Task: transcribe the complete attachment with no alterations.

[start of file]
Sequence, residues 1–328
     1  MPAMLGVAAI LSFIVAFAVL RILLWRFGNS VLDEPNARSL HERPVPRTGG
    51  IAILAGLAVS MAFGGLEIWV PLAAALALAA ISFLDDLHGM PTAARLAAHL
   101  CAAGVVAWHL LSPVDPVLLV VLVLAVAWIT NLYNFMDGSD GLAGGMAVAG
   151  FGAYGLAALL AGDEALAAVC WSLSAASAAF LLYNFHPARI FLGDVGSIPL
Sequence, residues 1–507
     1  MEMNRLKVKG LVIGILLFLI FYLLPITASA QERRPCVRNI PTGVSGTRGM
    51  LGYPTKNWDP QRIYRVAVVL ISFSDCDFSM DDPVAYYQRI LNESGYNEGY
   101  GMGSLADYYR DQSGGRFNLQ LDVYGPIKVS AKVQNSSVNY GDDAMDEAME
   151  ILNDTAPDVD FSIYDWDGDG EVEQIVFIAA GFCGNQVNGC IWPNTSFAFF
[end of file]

Sequence, residues 1–328
     1  MPAMLGVAAI LSFIVAFAVL RILLWRFGNS VLDEPNARSL HERPVPRTGG
    51  IAILAGLAVS MAFGGLEIWV PLAAALALAA ISFLDDLHGM PTAARLAAHL
   101  CAAGVVAWHL LSPVDPVLLV VLVLAVAWIT NLYNFMDGSD GLAGGMAVAG
   151  FGAYGLAALL AGDEALAAVC WSLSAASAAF LLYNFHPARI FLGDVGSIPL
Sequence, residues 1–507
     1  MEMNRLKVKG LVIGILLFLI FYLLPITASA QERRPCVRNI PTGVSGTRGM
    51  LGYPTKNWDP QRIYRVAVVL ISFSDCDFSM DDPVAYYQRI LNESGYNEGY
   101  GMGSLADYYR DQSGGRFNLQ LDVYGPIKVS AKVQNSSVNY GDDAMDEAME
   151  ILNDTAPDVD FSIYDWDGDG EVEQIVFIAA GFCGNQVNGC IWPNTSFAFF